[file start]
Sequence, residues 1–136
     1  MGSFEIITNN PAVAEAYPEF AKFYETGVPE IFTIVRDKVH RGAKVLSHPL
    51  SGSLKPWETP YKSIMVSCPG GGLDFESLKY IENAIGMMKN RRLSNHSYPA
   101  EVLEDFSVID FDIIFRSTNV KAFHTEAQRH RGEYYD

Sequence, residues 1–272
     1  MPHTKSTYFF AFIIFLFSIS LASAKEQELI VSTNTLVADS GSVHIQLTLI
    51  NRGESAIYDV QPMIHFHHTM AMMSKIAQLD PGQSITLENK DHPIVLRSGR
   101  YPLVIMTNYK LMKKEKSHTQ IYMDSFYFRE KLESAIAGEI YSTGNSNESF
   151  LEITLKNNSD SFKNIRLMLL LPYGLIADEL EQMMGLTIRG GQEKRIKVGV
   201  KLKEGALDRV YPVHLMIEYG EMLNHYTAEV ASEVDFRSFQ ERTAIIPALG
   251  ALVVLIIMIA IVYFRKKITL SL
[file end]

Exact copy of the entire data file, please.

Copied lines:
Sequence, residues 1–136
     1  MGSFEIITNN PAVAEAYPEF AKFYETGVPE IFTIVRDKVH RGAKVLSHPL
    51  SGSLKPWETP YKSIMVSCPG GGLDFESLKY IENAIGMMKN RRLSNHSYPA
   101  EVLEDFSVID FDIIFRSTNV KAFHTEAQRH RGEYYD

Sequence, residues 1–272
     1  MPHTKSTYFF AFIIFLFSIS LASAKEQELI VSTNTLVADS GSVHIQLTLI
    51  NRGESAIYDV QPMIHFHHTM AMMSKIAQLD PGQSITLENK DHPIVLRSGR
   101  YPLVIMTNYK LMKKEKSHTQ IYMDSFYFRE KLESAIAGEI YSTGNSNESF
   151  LEITLKNNSD SFKNIRLMLL LPYGLIADEL EQMMGLTIRG GQEKRIKVGV
   201  KLKEGALDRV YPVHLMIEYG EMLNHYTAEV ASEVDFRSFQ ERTAIIPALG
   251  ALVVLIIMIA IVYFRKKITL SL